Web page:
At this difficult time a huge number of fantastic people are doing amazing things to help in the battle against COVID-19. We applaud them all. And we wanted to highlight some of the portfolio efforts and their contribution in the fight against this virus.
Key role of universities
Before portfolio examples, it is worth highlighting the key role that university research and development, our investment asset class, is playing in the battle against this pandemic.
Universities are assisting across a number of fronts, from the development of vaccines and ventilators, to disease spread modelling to inform government decisions.
As you would expect the universities that we partner with on our university specific funds, Cambridge, Oxford, Bristol and Imperial have been at the forefront of this work, leveraging areas of expertise within these universities.
But has been a national effort across all universities, and as national investors we are proud of the key role that universities are playing.
As Business Secretary Alok Sharma said when announcing COVID-19 related investment into some universities, ‘whether testing new drugs or examining how to repurpose existing ones, UK scientists and researchers have been working tirelessly on the development of treatments for coronavirus.’
The list of examples of how universities are supporting the effort is long, but this crisis should further reinforce the government’s view that R&D should be at the forefront of the UK’s modern industrial strategy as evidenced by the recent £22bn per year funding announcement – see here.
Portfolio – COVID-19 work
Following on from the above, as you would expect there are various examples of our portfolio companies supporting the fight against the disease. And here are some:
Congenica (Sanger Institute) – the company’s software enables the accurate, rapid and scalable clinical interpretation of genetic and clinical data. The business has loaned some of its equipment to Nonacus to support their ability to offer large scale virus testing. It is also clear that there is a genetic component that contributes to the nature of individual response to the coronavirus so Congenica are designing a focussed reagent kit to allow analysis of this gene panel.
DIOSynVax (Cambridge) – the firm is developing a new technology that will significantly accelerate vaccine development and achieve dramatic improvements to the protection against emerging and re-emerging pathogens. This technology could result in a quicker than anticipated COVID-19 vaccine.
Entia (Imperial) – the business has an innovative self-testing blood analyser and digital health solution for home monitoring. The existing product has been repurposed so certain “at risk” patients don’t have to go into a hospital where they might get the virus.
Fluidic Analytics (Cambridge) – the firm is developing a line of tools for the rapid, accurate, cost-effective analysis of proteins and other biomolecular species. This technology is relevant to the Covid-19 research effort in that scientists in Zurich are taking delivery of a machine to look at the differences between patients with mild and serious reactions to the virus.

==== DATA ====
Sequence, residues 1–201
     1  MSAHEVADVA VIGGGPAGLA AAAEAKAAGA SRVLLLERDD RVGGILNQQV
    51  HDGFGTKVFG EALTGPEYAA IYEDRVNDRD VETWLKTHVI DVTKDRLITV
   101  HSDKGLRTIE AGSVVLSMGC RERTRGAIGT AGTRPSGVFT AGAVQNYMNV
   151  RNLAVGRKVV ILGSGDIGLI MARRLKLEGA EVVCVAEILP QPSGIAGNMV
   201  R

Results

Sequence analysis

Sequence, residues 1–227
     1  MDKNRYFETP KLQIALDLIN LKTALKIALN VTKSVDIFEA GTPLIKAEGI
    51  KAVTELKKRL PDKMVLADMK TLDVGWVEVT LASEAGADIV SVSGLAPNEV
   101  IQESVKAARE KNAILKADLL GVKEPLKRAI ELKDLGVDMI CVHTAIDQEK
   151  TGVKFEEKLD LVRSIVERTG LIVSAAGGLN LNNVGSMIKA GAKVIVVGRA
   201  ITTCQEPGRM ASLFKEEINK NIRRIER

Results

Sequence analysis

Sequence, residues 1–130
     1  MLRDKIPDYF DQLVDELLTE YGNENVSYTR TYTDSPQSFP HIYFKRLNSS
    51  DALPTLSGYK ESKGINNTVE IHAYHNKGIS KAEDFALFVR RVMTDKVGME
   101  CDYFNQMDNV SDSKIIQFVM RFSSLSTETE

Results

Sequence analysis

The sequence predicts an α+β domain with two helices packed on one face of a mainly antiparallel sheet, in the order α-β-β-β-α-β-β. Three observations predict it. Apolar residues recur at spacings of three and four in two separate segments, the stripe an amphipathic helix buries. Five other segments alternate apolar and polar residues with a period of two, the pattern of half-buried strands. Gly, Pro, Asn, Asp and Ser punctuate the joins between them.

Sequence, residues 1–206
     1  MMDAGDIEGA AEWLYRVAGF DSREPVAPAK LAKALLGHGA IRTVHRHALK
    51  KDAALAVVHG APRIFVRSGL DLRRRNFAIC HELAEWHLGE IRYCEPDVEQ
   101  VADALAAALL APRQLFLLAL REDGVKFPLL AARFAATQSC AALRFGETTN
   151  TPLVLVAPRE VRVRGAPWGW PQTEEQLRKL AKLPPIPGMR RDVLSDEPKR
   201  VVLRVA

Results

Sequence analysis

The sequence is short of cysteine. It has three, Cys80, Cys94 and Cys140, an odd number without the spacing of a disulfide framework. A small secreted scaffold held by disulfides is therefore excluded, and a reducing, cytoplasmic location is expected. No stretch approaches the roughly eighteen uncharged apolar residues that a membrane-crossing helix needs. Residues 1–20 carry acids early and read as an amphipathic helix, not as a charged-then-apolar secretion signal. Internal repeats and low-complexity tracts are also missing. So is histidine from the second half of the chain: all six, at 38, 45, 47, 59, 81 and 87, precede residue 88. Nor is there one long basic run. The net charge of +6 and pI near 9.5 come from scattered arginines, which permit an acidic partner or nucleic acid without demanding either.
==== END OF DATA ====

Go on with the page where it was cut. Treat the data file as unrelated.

Intelligent Ultrasound (Cardiff & Oxford) – the company is a global supplier of advanced ultrasound training simulators and education. They have launched a COVID-19 training module for their simulator to help train clinicians to practice lung ultrasound skills. Lung ultrasound has major utility for the management of respiratory related COVID-19 infection due to its safety, repeatability, absence of radiation, low cost and point of care use.
Omega Diagnostics (Strathclyde) – the firm is focused on selling a wide range of specialist products, primarily in the immunoassay, in-vitro diagnostics (IVD). It has joined a consortium to help the development and manufacturing scale up of a COVID-19 antibody test. The antibody test helps determine whether a patient has had the virus in the past and has immunity to it.
PhoreMost (Cambridge) – the company has developed a next-generation phenotypic screening platform called ‘Site-Seeker’ to identify the best new targets for future therapy, and crucially, how to drug them. They are using this to screen for COVID-19 drug targets. The firm also has a VCP programme which can be repurposed to for the coronavirus – VCP is a host cell target essential for early virus infection.
Psyomics (Cambridge) – the business utilises AI-enhanced digital questionnaires and blood-based diagnostics to increase the speed of diagnosis and to reduce the level of misdiagnosis for mental health patients. They are now working with NHS to implement a scheme to help reduce the mental health burden on the state as a result of this crisis by introducing a digital solution.
Mind Foundry (Oxford) – the firm has developed advanced machine learning algorithms to help organisations unlock insights hidden deep within their big data. Its automated machine learning tool allows rapid building and deployment of models that could help analyse, predict and identify best responses to a pandemic spread.
Zegami (Oxford) – the company has developed software that provides the capability to manage and sort collections of images and data visually. The platform could help clinicians distinguish COVID-19 from other lung conditions such as bacterial pneumonia. As well as helping with diagnosis, the platform’s AI model could potentially be used to understand COVID-19 patient outcomes using NHS x-ray images.
Stay safe and any questions please do not hesitate to contact the team, and we will continue to provide further updates.